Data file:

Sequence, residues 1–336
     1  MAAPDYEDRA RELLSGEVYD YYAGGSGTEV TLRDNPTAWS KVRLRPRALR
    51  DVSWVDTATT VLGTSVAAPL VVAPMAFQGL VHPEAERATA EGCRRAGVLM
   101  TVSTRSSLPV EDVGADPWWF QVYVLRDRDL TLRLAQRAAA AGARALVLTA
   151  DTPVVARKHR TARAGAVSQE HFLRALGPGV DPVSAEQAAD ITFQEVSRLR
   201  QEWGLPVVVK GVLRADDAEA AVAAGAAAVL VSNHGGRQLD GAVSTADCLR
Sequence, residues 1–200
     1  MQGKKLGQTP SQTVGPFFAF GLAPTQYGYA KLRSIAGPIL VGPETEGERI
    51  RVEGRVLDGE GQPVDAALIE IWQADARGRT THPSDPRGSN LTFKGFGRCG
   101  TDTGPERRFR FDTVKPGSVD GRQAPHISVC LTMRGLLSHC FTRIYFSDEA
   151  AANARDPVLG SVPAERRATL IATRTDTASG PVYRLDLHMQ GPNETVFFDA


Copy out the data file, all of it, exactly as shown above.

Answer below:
Sequence, residues 1–336
     1  MAAPDYEDRA RELLSGEVYD YYAGGSGTEV TLRDNPTAWS KVRLRPRALR
    51  DVSWVDTATT VLGTSVAAPL VVAPMAFQGL VHPEAERATA EGCRRAGVLM
   101  TVSTRSSLPV EDVGADPWWF QVYVLRDRDL TLRLAQRAAA AGARALVLTA
   151  DTPVVARKHR TARAGAVSQE HFLRALGPGV DPVSAEQAAD ITFQEVSRLR
   201  QEWGLPVVVK GVLRADDAEA AVAAGAAAVL VSNHGGRQLD GAVSTADCLR
Sequence, residues 1–200
     1  MQGKKLGQTP SQTVGPFFAF GLAPTQYGYA KLRSIAGPIL VGPETEGERI
    51  RVEGRVLDGE GQPVDAALIE IWQADARGRT THPSDPRGSN LTFKGFGRCG
   101  TDTGPERRFR FDTVKPGSVD GRQAPHISVC LTMRGLLSHC FTRIYFSDEA
   151  AANARDPVLG SVPAERRATL IATRTDTASG PVYRLDLHMQ GPNETVFFDA